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The Lengenais family's name is derived from that coastal landscape of Medieval France known as Normandy. Their name originated with an early member who was a Norman resident of English extraction. The name Langlois refers to the Angles, a race who once inhabited England, and after whom the country is named. Rendered l'Anglais in modern French, the name essentially means the English.

Lengenais Early Origins



The surname Lengenais was first found in Normandy (French: Normandie), the former Duchy of Normandy, where this distinguished family held a family seat at Motteville, and were members of the aristocracy of that region.

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Lengenais Spelling Variations


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Lengenais Spelling Variations



History has changed the spelling of most surnames. During the early development of the French language in the Middle Ages, a person gave his version of his name, phonetically, to a scribe, a priest, or a recorder. Some variables were adopted by different branches of the family name. Hence, there spelling variations of the name Lengenais, some of which include Langlois, Langloi, Langlais, Langlo, Langloys, Langois, L'Angloi, L'Anglais, L'Anglo, L'Angloys, L'Angloi, L'Anglois, Anglois, Angloi, Anglais, Anglo, Angloy and many more.

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Lengenais Early History


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Lengenais Early History



This web page shows only a small excerpt of our Lengenais research. Another 143 words (10 lines of text) are included under the topic Early Lengenais History in all our PDF Extended History products and printed products wherever possible.

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Lengenais Early Notables (pre 1700)


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Lengenais Early Notables (pre 1700)



More information is included under the topic Early Lengenais Notables in all our PDF Extended History products and printed products wherever possible.

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The Great Migration


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The Great Migration



In the 1700s, land incentives were finally given out by France to 2,000 migrants. Early marriage was encouraged in New France, and youths of 18 took fourteen-year-old girls for their wives. The fur trade was developed and attracted migrants, both noble and commoner from France. 15,000 explorers left Montreal in the late 17th and 18th centuries, leaving French names scattered across the continent. The search for the Northwest passage continued. Migration from France to New France or Quebec, as it was now more popularly called, continued until 1759. By 1675, there were 7000 French in Quebe c. By the same year the Acadian presence in Nova Scotia, New Brunswick and Prince Edward Island had reached 500. In the treaty of Utrecht, Acadia were ceded by France to Britain in 1713. In 1755, 10,000 French Acadians refused to take an oath of allegiance to England and were deported. They found refuge in Louisiana. Meanwhile, in Quebec, the French race flourished, founding in Lower Canada, one of the two great solitudes which became Canada. Many of this distinguished family name Lengenais were prominent in social, cultural, religious and political affairs in France and New France. Amongst the settlers in North America with this distinguished name Lengenais were Noël Langlois arrived in Quebec in 1634 from Normandy, he was one of the earliest settlers in Quebec; Jean-Baptiste Langlois (1668), Nicholas Langlois (1671), and Jacques Langois (1680), all arrived in Quebec from Normandy.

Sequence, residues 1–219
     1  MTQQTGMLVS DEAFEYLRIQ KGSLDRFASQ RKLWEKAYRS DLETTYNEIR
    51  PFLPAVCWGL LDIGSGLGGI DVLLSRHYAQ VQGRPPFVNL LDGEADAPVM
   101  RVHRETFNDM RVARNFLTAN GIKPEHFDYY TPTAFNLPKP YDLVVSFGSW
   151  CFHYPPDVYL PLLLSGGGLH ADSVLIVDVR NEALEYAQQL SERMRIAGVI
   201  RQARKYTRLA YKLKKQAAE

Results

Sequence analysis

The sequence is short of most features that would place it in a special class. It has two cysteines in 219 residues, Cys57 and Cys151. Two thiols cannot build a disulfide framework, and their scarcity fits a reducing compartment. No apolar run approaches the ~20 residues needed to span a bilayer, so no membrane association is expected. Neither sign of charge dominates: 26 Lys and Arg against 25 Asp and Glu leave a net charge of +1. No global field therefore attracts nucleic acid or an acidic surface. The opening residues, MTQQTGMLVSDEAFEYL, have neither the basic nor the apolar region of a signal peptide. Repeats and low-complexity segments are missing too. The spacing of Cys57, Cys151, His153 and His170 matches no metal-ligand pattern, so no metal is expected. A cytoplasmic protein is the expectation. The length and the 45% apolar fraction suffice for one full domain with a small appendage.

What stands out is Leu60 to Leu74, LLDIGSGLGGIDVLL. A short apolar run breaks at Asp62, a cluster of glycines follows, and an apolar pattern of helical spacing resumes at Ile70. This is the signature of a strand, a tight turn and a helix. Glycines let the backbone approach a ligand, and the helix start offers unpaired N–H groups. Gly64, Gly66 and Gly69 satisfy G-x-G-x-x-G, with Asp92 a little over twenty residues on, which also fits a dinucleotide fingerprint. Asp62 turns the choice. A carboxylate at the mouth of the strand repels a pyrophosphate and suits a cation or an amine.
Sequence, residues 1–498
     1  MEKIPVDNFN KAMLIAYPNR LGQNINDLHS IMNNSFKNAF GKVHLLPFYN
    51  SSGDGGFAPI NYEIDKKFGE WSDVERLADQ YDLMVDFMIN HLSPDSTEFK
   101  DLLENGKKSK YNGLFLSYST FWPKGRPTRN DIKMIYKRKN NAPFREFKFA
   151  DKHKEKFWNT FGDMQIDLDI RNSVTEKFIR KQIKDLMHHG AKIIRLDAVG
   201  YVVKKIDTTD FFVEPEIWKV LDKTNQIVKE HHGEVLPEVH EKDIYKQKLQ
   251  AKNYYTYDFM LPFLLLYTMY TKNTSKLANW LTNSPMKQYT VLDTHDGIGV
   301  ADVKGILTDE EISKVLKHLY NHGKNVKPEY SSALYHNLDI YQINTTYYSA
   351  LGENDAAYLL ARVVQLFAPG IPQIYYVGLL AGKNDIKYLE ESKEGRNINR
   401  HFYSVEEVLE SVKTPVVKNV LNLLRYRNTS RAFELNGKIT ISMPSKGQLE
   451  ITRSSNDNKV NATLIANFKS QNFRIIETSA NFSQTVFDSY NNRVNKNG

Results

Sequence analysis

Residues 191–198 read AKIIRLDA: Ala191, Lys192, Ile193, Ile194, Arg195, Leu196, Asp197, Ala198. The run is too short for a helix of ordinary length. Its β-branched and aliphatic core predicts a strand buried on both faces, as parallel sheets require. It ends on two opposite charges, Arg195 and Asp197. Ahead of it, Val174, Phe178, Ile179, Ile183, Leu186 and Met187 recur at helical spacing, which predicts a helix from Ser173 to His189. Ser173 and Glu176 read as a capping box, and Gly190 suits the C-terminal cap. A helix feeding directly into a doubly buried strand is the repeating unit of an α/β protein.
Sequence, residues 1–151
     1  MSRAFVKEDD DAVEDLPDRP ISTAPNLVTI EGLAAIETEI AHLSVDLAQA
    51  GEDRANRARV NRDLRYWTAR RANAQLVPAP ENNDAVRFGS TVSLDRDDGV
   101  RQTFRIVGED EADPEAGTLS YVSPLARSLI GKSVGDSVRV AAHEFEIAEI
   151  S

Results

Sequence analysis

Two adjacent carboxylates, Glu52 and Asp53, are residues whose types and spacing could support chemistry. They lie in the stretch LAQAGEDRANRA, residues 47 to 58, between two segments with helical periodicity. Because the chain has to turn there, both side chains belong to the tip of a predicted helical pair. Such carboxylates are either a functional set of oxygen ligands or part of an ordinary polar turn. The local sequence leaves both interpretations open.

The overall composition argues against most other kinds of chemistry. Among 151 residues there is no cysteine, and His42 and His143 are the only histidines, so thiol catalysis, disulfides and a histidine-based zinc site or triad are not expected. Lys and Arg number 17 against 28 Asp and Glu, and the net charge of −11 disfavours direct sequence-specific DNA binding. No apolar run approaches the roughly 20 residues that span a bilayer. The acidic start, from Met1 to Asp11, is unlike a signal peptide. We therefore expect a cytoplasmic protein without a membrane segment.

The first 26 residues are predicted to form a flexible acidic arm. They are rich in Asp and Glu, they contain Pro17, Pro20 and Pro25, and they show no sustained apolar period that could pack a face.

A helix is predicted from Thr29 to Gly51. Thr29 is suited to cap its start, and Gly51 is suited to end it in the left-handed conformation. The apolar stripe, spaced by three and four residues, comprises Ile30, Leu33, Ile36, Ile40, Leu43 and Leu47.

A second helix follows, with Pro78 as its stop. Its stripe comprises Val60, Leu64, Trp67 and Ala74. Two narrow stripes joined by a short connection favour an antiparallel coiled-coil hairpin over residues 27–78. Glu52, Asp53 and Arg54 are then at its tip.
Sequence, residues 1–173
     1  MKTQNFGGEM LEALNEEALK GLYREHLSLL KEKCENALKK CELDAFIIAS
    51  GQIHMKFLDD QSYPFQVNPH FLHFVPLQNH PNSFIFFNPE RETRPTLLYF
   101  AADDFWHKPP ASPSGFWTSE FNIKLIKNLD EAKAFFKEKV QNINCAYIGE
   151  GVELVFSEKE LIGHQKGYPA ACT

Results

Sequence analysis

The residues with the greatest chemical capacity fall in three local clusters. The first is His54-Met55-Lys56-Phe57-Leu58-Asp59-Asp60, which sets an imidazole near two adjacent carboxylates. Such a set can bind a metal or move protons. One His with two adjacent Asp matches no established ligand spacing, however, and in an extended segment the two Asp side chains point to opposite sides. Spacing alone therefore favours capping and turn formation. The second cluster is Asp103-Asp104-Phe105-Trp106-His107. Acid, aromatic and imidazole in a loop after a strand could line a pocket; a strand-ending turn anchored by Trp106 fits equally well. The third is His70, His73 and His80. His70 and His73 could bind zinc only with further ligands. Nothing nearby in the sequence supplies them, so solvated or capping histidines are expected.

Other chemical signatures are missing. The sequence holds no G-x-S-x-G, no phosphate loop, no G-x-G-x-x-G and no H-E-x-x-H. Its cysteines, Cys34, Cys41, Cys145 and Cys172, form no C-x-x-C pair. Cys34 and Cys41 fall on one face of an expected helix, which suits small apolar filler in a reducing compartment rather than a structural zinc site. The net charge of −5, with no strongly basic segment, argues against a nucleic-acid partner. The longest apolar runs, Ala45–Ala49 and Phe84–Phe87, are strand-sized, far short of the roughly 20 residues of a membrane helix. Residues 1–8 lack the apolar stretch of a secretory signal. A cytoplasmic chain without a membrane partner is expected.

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Lengenais Family Crest Products


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Lengenais Family Crest Products




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See Also


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See Also




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Citations


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Citations



    Other References

    1. Zieber, Eugene. Heraldry in America. Philadelphia: Genealogical Publishing Co. Print.
    2. Egle, William Henry. Pennsylvania Genealogies Scotch-Irish and German. Harrisburg: L.S. Hart, 1886. Print.
    3. Browning, Charles H. Americans of Royal Descent. Baltimore: Genealogical Publishing. Print.
    4. Conrad, Glenn R. The First Families of Louisiana. Baton Rouge LA: Claitor's Publishing, 1970. Print.
    5. Annuaire Général Héraldique Universel. Paris: Institut Héraldique, 1901. Print.
    6. Samuelsen, W. David. New York City Passenger List Manifests Index 1820 - 1824. North Salt Lake, Utah: Accelerated Indexing Systems International, 1986. Print.
    7. Vaillancourt, Emile. La Conquete du Canada par les Normands. Biographie de la premiere generation Normande du Canada. Montreal: G. Ducharme, 1930. Print.
    8. Colletta, John P. They Came In Ships. Salt Lake City: Ancestry, 1993. Print.
    9. Rolland, and H.V. Rolland. Illustrations to the Armorial general by J. B. Rietstap 6 volumes in 3. Baltimore: Heraldic Book Company, 1976. Print.
    10. Doyle, William. The Oxford History of the French Revolution. Oxford: Oxford University Press, 1990. Print. (ISBN 0192852213).
    11. ...

    The Lengenais Family Crest was acquired from the Houseofnames.com archives. The Lengenais Family Crest was drawn according to heraldic standards based on published blazons. We generally include the oldest published family crest once associated with each surname.

    This page was last modified on 29 January 2014 at 12:23.

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